Natural Oil Paint
Finishes: MATERIALS ENCYcLOPEDIA
Applications for this system
Porous surfaces (including plaster)
Not suitable for use on:
– Previously painted surfaces
– Surfaces requiring high vapor permeability
Natural, siccative (oxidizing) oil (typically cold-pressed linseed, but can be semi-siccative oil like walnut, hemp, poppy, tung, sunflower, safflower, soya and even fish oil)
Solvent thinner (typically citrus thinner or natural alcohol)
Admixtures, as required (may include pine resin, drying agents and polymerizing compounds)
Ratings Chart for Natural oil paint
The ratings chart shows comparative performance in each criteria category. Click on the tabs below for detailed analysis of each criteria.
- HOW THE SYSTEM WORKS
- ENVIRONMENTAL IMPACTS
- MATERIAL COSTS
- LABOUR INPUT
- SKILL LEVEL REQUIRED
- SOURCING & AVAILABILITY
- INDOOR AIR QUALITY
- FUTURE DEVELOPMENT
natural oil paint System
The household paints that are commonly referred to as “oil paints” are actually alkyd paints. Drying alkyd resins are a type of polyester that is modified with fatty acids. The polyester base is derived from polyols (typically based on glycerin, sucrose, ethylene glycol or pentaerythritol) and dicarboxylic acid or carboxylic acid anhydride.
Natural oil paints are those in which the resin is natural oil. While many oils are suitable for creating paint, linseed oil (pressed from flax seed) is by far the most common. Natural oils are extremely slow to dry (some never dry completely) and require a solvent to dry sufficiently for use as paint. Natural turpentine and citrus solvent are the two most common drying agents for natural oil paint. Solvent content in oil paint can be very high, and even natural solvents contain volatile organic compounds (VOCs) that can have ill effects on health. Synthetic solvents tend to have worse health impacts, but proper ventilation is a necessity and those with chemical sensitivities should be sure that natural solvents are not a trigger.
During the drying process for oil paints (though dry to the touch in a matter of days, full drying can take months), the oil undergoes a natural polymerization. In recent years, advances in polymerizing natural oils have resulted in oil paints that dry faster and harder without requiring as much solvent. Some of these processes are natural, while others are chemical.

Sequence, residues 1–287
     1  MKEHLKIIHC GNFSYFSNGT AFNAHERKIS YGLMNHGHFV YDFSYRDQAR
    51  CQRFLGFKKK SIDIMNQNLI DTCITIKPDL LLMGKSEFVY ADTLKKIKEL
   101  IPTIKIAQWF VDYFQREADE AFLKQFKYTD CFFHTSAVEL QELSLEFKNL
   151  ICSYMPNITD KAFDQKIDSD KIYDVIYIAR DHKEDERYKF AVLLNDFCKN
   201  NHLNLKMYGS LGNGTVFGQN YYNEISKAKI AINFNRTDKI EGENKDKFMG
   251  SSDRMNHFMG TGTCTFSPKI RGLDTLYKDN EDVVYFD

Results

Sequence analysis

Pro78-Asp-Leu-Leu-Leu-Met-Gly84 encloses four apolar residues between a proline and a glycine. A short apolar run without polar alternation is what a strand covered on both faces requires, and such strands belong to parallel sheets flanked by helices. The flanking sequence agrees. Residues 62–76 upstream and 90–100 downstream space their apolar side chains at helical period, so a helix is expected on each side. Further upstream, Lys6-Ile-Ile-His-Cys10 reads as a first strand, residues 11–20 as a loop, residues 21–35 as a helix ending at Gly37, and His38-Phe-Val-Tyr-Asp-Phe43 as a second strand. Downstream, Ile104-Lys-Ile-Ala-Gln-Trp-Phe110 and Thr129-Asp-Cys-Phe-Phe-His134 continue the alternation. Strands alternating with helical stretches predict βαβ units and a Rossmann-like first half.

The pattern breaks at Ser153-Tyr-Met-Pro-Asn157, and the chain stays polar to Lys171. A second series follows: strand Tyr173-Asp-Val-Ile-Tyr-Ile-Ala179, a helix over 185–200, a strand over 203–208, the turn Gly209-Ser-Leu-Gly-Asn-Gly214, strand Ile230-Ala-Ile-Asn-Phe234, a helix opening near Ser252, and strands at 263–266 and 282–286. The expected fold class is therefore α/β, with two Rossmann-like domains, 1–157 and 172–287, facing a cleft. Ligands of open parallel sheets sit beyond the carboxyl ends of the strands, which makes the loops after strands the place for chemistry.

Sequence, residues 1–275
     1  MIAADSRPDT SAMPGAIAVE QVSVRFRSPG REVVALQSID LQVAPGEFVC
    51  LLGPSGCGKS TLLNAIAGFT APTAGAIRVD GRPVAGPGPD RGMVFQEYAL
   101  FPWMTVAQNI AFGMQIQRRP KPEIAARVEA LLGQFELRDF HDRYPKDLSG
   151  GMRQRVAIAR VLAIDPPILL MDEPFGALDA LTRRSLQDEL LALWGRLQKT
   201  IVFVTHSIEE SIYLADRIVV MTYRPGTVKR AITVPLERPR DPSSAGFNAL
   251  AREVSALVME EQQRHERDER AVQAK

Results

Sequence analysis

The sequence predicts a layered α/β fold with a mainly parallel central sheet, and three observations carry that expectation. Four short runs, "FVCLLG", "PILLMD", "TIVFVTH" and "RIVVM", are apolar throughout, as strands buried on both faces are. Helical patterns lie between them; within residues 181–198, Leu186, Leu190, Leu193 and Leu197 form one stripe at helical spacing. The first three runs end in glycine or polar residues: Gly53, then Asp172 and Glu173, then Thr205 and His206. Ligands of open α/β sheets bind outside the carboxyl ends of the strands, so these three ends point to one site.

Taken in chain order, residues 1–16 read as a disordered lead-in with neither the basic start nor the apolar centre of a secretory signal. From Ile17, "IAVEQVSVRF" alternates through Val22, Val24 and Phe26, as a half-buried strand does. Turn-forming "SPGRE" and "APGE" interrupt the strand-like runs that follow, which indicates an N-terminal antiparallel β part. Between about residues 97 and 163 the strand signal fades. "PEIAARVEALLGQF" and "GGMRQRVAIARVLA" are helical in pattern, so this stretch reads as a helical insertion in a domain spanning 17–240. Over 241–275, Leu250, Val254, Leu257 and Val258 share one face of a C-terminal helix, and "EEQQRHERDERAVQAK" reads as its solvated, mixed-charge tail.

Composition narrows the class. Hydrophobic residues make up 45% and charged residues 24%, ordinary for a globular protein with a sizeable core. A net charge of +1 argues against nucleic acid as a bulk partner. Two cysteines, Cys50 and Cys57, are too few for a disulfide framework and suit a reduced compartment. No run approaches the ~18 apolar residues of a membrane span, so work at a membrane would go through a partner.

Pigments must be oil-soluble in order to work in this type of paint, which can limit the available color palette.
Environmental Impact Rating
Harvesting — Low to Moderate
Natural oils are pressed from seeds. Seed crops are grown in a wide variety of manners all over the world, from small-scale organic to factory farms. Some oil-bearing seed crops (flax and hemp, in particular) also bear useful fibers in their stems, resulting in a harvest with very little waste. Impacts will vary greatly, and can include habitat destruction, pesticide and herbicide runoff and soil depletion.
The two most common types of natural solvents are turpentine and citrus solvent. Turpentine is distilled from pine resin, with relatively low impacts from harvesting. Products called citrus thinners can have a range of ingredients, from pure citrus oil (extracted from lemon, orange and/or grapefruit rind) to blends of citrus oil and mineral oil and herbal essential oils. Citrus growing can have significant impacts, including high pesticide, fungicide and herbicide use. However, the fruit rind is a secondary product of citrus farming, and its use helps to reduce waste.
Manufacturing — Low
Cold-pressing of seed oils is a low-energy and low-impact mechanical process.
The distillation of turpentine and extraction of citrus oil are both low-energy, low-impact processes. Most manufacturers now recapture emitted VOCs, which are the most detrimental impact.
Transportation — Low to High
Check manufacturer proximity to job site and distribution network to ascertain impacts.
Installation — Low to Moderate
Cleanup from oil painting requires the use of additional solvent to remove paint from brushes and rollers. Significant volumes of used solvent can be highly impactful if sent down drains or spread on the soil.